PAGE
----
What the film could’ve used in this current climate, and could’ve been somewhat therapeutic for its audience, is something along the lines of a parody of the heavily decried Harvey Weinstein — a greasy, selfish Hollywood mogul who claimed what he wanted from women because he believed that he could get away with it (and unfortunately did for such a long period of time). A character like this would make the perfect target for this sort of story, a true ‘dirty rotten scoundrel’ who deserves a good rip off. What we actually get, though, is a narrative where the victims aren’t all that bad, and not as deserving as you’re led to believe. Yet we’re still expected to applaud the somewhat gallant work of our protagonists.
Where there’s a man, there’s a scam.
Directing Schaeffer’s script is Chris Addison, making his feature film debut, having cut his teeth on television work, largely as an actor. Arguably his most famous role is as the awkward Junior Advisor Oliver Reeder on the outrageous BBC political satire The Thick of It (2005-12). Having worked on his fair share of funny material as an actor and director, Addison seems open to letting his stars try things out — I got a strong sense that improvised lines may have been encouraged on set. And this leans into one of the more surprising credits of all — leading actress Rebel Wilson, Pitch Perfect 3 (2017), as producer.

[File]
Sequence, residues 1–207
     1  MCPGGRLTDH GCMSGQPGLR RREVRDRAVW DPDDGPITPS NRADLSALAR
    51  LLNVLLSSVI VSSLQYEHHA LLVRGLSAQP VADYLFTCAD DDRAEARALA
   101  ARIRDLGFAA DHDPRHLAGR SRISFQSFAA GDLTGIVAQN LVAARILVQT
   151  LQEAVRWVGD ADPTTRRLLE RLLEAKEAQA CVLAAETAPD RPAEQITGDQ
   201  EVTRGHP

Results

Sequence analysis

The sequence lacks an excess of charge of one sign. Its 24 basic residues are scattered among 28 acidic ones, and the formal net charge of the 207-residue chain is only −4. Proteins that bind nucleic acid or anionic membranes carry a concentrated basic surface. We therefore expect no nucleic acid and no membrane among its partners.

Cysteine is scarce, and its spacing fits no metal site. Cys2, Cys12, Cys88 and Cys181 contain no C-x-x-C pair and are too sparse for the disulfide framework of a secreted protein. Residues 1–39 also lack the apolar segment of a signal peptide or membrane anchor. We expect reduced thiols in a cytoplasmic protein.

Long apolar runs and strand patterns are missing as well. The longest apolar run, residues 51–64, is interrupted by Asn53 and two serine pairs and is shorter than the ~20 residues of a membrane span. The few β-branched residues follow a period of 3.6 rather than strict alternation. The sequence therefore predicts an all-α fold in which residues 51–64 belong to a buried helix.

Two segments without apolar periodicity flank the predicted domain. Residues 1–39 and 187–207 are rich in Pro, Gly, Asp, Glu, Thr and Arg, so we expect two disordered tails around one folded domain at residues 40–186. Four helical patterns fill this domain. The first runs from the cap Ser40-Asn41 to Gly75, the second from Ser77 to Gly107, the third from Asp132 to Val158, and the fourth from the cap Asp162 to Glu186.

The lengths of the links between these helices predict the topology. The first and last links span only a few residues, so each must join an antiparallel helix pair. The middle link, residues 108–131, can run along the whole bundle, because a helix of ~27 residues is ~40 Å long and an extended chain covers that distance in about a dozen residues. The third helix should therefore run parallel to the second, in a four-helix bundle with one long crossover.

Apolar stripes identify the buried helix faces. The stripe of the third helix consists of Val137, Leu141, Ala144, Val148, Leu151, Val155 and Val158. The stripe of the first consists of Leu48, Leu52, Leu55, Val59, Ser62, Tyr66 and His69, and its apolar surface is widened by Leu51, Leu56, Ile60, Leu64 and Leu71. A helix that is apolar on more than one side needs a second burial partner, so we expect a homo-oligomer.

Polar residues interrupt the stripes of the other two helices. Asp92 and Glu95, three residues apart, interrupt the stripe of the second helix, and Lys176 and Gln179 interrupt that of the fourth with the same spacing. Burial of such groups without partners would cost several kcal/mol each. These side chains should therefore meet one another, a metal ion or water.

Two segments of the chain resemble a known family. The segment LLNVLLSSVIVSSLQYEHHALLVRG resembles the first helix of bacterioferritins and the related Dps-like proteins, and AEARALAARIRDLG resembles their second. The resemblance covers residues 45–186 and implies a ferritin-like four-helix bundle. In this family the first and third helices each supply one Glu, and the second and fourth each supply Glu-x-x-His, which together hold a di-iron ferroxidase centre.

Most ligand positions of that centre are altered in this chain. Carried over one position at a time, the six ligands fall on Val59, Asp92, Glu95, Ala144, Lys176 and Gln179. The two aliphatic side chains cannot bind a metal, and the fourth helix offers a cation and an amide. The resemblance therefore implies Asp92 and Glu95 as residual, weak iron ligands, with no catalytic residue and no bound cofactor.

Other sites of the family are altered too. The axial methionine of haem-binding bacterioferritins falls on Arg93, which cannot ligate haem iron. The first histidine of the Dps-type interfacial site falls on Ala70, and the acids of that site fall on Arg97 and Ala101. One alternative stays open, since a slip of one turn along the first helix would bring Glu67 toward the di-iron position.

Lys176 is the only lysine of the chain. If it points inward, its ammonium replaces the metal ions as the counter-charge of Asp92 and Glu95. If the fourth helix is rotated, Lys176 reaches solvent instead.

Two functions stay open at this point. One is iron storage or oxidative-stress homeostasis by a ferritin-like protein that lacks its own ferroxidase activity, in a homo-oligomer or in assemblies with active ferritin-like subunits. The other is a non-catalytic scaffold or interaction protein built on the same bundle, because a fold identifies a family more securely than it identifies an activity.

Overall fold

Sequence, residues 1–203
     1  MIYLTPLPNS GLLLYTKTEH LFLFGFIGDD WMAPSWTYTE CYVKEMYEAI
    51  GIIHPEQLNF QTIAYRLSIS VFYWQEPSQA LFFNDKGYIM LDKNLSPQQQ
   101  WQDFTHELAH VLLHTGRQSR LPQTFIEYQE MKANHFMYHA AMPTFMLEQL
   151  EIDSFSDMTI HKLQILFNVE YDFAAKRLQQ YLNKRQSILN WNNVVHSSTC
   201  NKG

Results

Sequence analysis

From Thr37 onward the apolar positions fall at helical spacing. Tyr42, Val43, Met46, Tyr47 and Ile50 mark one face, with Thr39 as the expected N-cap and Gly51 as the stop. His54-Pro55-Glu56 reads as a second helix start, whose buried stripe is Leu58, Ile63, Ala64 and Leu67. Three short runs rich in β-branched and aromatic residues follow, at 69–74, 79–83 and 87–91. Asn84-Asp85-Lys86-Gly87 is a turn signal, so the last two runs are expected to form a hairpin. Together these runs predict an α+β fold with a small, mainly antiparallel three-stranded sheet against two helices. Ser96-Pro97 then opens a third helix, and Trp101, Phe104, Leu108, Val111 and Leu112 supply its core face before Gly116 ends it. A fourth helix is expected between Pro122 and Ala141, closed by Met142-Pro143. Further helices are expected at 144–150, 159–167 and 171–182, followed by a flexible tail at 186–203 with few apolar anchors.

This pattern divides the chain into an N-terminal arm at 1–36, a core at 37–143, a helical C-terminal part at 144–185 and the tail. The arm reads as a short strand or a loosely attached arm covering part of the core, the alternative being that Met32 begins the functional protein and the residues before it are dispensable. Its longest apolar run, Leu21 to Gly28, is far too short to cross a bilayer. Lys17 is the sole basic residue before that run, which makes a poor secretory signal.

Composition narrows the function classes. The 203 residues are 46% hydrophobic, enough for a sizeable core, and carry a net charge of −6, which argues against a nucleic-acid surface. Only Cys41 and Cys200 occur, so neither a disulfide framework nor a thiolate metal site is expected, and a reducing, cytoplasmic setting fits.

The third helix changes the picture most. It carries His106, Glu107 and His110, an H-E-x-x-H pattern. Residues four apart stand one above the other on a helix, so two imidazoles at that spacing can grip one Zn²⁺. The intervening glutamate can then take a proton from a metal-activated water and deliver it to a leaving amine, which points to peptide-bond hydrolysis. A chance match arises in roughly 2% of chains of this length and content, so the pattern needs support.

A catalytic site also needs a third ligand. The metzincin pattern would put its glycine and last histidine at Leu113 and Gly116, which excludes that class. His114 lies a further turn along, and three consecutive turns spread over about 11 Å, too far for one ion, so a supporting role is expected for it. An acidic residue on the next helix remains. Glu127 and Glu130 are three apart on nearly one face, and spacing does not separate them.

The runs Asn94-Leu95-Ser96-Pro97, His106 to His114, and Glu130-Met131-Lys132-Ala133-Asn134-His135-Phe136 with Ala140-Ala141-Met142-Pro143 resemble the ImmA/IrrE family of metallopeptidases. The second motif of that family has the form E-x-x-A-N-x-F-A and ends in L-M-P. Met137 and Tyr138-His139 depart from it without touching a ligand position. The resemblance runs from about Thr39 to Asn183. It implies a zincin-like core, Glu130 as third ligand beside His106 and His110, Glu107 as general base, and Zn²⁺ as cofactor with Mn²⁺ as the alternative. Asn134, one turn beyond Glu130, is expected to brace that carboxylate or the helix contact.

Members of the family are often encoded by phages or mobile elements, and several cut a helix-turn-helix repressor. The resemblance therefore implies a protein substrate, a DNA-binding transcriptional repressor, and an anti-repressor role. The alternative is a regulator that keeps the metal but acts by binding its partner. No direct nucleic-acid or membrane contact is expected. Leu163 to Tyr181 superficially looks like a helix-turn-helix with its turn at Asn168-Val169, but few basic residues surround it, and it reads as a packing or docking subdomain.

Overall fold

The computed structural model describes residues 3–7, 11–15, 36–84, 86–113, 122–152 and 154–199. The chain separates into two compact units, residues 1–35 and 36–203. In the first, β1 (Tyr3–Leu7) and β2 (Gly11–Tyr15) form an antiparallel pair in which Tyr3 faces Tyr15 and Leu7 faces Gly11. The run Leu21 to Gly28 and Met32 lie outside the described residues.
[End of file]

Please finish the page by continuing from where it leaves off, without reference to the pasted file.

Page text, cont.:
Truth be told, Wilson’s worn that hat before, producing two TV shows in Bogan Pride (2008) and Super Fun Night (2013-14), and it seems the Netflix rom-com feature Isn’t It Romantic (2019) lent confidence to stretch herself further again. When the MPAA had originally slapped an R rating on The Hustle, it was Wilson who went to bat for a PG-13, citing similar male-lead comedies featuring equally raunchy material, ultimately winning the challenge. It’s an interesting time to be watching Wilson as she grows herself as a brand and a creative collaborator. The comedy on display in The Hustle does suggest she wants to be seen beyond the sort of shtick made famous by her popular ‘Fat Amy’ character from the Pitch Perfect trilogy (2012-17), and it’s that angle she’s slowly changing. Here, she gets to focus on gags that don’t just rely on her weight or idiosyncratic adlib, playing up goofball antics and discomfort — a scene where she is forced to eat a chip rubbed against a toilet bowl is a particular gross-out highlight.